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NGO law key to security: PM

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090217_03.jpg

Hun Sen warns of terrorist cells via NGOs, while development groups say bill is overkill and would curb efficacy of their work

Photo by: TRACEY SHELTON

Prime Minister Hun Sen shown here in a file photograph.

PRIME Minister Hun Sen on Monday reaffirmed his intent to have a law passed to regulate the country's nearly 2,000 domestic and international nongovernmental organisations.

"Some civil society groups perform illegal activities, but how can we control them if we do not have a law," Hun Sen said during an economic conference in Siem Reap attended by government officials, diplomats and private-sector representatives.

The Interior Ministry drafted the Local Associations and Non-Government Organisations Law in 2006, and it is expected to be passed soon.

Hun Sen said the sources of NGO funds, in particular, needed to be tracked by the government. He referred to a Saudi-funded Islamic group that began operating as an NGO in Cambodia in 2003;  a year later, its director was accused of involvement in a planned bomb plot on the embassies of the United States and Britain in Phnom Penh.

While the Cambodian government has opened its arms to the development community, NGOs, in turn, have refused to disclose their operations, Hun Sen contende.  

"They want us [the government] to have transparency, but the NGOs themselves have no transparency," he said.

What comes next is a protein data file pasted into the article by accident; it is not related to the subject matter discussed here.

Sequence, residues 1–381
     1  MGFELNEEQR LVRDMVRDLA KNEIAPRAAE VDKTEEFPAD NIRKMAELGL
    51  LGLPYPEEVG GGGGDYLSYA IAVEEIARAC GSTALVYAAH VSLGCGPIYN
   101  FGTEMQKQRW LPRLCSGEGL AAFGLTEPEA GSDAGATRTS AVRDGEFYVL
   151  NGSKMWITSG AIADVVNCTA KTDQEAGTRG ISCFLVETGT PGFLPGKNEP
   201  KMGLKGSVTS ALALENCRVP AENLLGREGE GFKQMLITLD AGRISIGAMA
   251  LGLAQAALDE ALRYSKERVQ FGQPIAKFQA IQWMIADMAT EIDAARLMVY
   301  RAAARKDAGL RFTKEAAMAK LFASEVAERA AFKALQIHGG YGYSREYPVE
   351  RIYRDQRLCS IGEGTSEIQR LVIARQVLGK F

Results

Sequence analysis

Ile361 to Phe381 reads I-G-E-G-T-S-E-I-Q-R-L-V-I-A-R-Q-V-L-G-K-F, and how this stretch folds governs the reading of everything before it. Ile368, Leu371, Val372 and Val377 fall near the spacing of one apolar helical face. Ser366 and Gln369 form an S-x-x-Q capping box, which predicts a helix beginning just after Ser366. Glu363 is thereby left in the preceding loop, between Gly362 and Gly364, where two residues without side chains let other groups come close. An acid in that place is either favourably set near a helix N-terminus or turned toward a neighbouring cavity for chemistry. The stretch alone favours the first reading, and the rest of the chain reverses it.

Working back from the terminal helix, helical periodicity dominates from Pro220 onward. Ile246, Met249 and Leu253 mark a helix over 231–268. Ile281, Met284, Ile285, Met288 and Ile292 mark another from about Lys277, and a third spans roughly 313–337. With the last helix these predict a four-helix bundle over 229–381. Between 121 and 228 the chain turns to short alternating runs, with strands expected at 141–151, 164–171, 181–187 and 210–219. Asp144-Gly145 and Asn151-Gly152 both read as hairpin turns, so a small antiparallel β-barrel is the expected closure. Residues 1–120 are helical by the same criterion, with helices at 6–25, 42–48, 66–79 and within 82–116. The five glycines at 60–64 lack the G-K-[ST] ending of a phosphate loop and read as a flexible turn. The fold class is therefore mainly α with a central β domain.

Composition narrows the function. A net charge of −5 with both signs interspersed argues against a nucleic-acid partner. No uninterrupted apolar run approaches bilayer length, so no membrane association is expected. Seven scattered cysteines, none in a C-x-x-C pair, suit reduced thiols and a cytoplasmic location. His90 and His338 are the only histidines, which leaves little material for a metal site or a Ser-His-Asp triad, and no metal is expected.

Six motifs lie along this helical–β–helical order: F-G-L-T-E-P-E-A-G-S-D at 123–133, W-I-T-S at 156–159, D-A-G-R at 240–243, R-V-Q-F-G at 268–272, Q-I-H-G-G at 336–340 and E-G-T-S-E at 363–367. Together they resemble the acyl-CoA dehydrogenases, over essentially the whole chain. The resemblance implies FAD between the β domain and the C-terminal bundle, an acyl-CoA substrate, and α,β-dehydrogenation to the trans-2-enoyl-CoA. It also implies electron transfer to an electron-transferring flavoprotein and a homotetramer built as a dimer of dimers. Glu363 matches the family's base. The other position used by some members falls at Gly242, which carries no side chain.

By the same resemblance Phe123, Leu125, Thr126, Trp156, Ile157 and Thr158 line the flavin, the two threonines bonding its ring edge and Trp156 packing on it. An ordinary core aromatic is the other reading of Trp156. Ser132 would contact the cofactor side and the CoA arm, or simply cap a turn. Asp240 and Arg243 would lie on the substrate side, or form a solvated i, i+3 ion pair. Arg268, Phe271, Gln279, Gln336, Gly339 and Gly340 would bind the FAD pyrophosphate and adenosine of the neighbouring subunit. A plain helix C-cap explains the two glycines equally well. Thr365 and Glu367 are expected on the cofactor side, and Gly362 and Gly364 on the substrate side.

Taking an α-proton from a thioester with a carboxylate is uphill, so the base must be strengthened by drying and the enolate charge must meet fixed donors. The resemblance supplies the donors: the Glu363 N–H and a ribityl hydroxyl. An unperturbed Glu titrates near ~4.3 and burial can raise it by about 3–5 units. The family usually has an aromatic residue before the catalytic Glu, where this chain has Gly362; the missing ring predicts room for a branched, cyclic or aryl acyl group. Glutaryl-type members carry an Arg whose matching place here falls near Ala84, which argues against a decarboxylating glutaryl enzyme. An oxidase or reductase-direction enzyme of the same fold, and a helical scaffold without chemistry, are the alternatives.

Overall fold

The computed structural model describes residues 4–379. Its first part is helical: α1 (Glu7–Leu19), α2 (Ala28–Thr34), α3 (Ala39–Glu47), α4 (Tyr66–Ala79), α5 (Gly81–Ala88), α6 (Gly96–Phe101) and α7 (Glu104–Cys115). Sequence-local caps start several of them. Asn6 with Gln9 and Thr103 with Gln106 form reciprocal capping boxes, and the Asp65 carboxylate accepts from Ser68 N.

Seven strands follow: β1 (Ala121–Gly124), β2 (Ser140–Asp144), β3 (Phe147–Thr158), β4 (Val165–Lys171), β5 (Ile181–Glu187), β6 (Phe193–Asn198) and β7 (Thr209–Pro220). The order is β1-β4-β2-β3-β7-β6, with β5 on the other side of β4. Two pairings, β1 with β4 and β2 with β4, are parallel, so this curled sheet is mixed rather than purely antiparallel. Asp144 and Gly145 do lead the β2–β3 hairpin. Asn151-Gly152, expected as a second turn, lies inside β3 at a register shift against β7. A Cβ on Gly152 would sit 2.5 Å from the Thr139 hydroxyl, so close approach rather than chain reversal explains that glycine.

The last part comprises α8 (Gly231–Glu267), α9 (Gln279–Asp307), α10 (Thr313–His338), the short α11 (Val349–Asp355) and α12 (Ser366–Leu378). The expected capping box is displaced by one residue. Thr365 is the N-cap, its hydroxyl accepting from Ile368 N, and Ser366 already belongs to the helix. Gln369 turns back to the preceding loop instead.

Opposition lawmakers and local rights groups have criticised the government's proposed introduction of tighter regulation for NGOs, saying the restrictions go beyond what is needed for accountability in the NGO sector.

Theary Seng, executive director of the Centre for Social Development, said the law could hinder the independence and vigour of development groups in Cambodia.

Ou Virak, director of the Cambodian Centre for Human Rights, said the government was misguided in focusing on a law to monitor NGOs when other major legislation, such as the anti-corruption draft law, has remained idle in the halls of government for years.

He said uncertainty surrounding the particular contours of the draft law, which the government has not disclosed, has many NGOs concerned their work may be curtailed by the government.  "NGOs will be prevented from protecting the interests of the public if the NGO law is passed," he said.

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